Paws For A Minute® Puppy Guide 2012: How to Find The Best Puppy.

So you’re looking for a new puppy but don’t know where to begin? The Puppy Guide 2011/12 is here to get you started on the right track to perfect muttrimony! It’s so easy to say “I want a new puppy” but, yet much harder to determine where to look, what to look for and, ultimately, decide which pup is right for your home.

Paws for a Minute® Puppy Guide 2012: How To Find That Perfect New Pup To Fit Your Lifestyle

Know Thy Self: Picking a puppy is not easy. There are so many different breeds and many different personalities within a given breed that it’s tough to know where to begin the search. I suggest you start by thinking about your own lifestyle. Ask yourself some key questions and answer them honestly:

Are you active? Are you a couch potato? Do you travel a lot? Are you single or married? Do you have roommates? Do you have other pets? Are you a parent? How old are your children? What’s the energy level like in your home? Have you had dogs before? Are you allergic?

The answers to these questions will give you a much better idea of what type of dog and temperament will fit comfortably in your daily life. Think about the following questions and or concerns: size, exercise needs of the breed, your time and lifestyle, allergies, does you your financial budget include raising a dog, does the breed you like shed? Once you know roughly what your lifestyle and budget allows then it’s time to start researching breeds.

Do Your Homework: When picking a breed remember that there are always exceptions to the rule. Not every puppy is going to grow up to have the temperament described in the breed’s standard.  In general, go with three top favorites and investigate from there. Another great idea is to visit a local dog park. There you will find many owners with dogs you may be interested in, and be able to ask questions and seek out more information and match your expectations with their experience.

More Food For Thought: It’s not just personality and size that matter most. You should also consider any additional health risks or issues associated with a given breed. There are many breeds out there that have well-known chronic health issues. Issues prevail over time so you may not recognize such conditions during puppyhood. The problem may not prevail in all dogs of that breed but it could potentially mean LOTS of vet bills later so know your facts before hand and rule out anything you’re not prepared to handle.

Where To Buy Your Pup: First and foremost, be wary of online puppy stores and/or breeders. The internet is a great place to do your research but actually buying a puppy on the web usually ends bad. Whether it’s as severe as a rip-off scam or simply buying a puppy mill pup, you may get burned and it’s definitely going to cost you. In the long run you will save time, money and perhaps some emotional distress if you find a reliable breeder, rescue group or shelter. You can always find very reputable breeders on the America Kennel Club site. Or a great thing to do is visit any dog show in your local area. These shows are always hosted by breed or all breed events by a kennel club (such as AKC) there you can meet great people who breed professionally.  Also, keep in mind that nearly every breed has a rescue organization in nearly every major city. Always ask the right questions and make sure to visit them in person. That way you can meet greet and inspect their facilities and get a sense of how they treat their animals. Usually, your gut will guide you to make the right decision.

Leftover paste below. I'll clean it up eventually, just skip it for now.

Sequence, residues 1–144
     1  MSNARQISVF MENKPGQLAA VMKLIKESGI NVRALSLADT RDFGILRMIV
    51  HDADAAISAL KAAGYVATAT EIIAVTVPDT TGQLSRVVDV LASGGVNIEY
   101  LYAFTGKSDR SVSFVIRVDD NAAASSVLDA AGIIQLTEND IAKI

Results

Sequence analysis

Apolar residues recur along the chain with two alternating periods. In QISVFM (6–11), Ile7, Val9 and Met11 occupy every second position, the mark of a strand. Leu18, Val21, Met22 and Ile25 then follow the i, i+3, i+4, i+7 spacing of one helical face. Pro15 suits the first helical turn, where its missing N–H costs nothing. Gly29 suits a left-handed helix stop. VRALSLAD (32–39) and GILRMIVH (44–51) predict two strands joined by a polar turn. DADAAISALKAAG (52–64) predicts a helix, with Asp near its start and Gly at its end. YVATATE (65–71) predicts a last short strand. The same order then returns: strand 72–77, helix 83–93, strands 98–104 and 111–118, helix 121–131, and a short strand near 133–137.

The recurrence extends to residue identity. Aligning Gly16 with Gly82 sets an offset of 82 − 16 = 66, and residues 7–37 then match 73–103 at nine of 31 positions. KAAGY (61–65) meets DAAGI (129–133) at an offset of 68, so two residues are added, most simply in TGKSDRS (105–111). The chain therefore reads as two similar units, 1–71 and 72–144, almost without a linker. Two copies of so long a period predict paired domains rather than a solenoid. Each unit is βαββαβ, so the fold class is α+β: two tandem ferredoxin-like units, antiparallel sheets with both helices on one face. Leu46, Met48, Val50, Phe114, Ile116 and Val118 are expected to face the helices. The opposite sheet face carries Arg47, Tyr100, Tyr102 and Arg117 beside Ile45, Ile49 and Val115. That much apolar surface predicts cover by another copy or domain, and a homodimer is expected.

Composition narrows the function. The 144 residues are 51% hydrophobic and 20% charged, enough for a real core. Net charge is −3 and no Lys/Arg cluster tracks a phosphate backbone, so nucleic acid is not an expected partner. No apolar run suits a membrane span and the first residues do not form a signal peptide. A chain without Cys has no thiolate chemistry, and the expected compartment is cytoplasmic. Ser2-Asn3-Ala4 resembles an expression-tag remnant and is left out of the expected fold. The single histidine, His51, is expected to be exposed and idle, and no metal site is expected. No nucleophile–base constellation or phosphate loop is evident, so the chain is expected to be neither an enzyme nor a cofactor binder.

Good Questions To Ask Breeders

Who are the dog’s parents? Can I meet the parents? Do you have info on the dog’s bloodline? Where are the dogs kept? Can I see your housing facilities? Are there any health issues or risks in this bloodline? Do you have any certifications? Do the dogs have any medical certifications? Do you like the person you are speaking to?

Good Questions To Ask Shelters How old is the dog? Do you have any history on this dog? How long has the dog been in the shelter? Has it ever been adopted and returned? Where are the dogs kept and does it have any outstanding behaviors associated with being approached or while being fed? Can I see the housing facilities? Is the dog spayed or neutered? Does the dog have it’s shots with proper documentation?

Also, steer clear of “puppy stores.” Any shop with puppies playing in the window usually gets their dogs from large-scale puppy mills. Any puppy paper or pedigree that says USDA on it is not a fancy title or kennel. It means the kennel the puppy came from is a commercial one. It stands for United States Department of Agriculture and is one that’s zoned for breeding very large amounts of dogs. There are brokers who farm out these pup’s from other sources to the web and pet stores. The store itself may not even realize it! Not only should you not support this practice for the simple fact that they increase dog populations and we’re already in an overpopulation crisis in most cities but for the dogs themselves. Many puppy mill puppies are bred from dogs with genetic disorders, health issues or other problems that will likely cost you in vet bills later.

If you want the Pet Shop experience but would like to rescue a dog, look into facilities like Found Animals’ Adopt & Shop. This is a great option because you get to walk around and shop as though you were in the puppy store but at the end of the day you are really rescuing a dog from the shelter. What’s also great is that many shelter have older puppies, say 5 months and up.  If you are in LA, Adopt & Shop is a fantastic choice. If not, look online for a similar initiative near you. It’s worth it!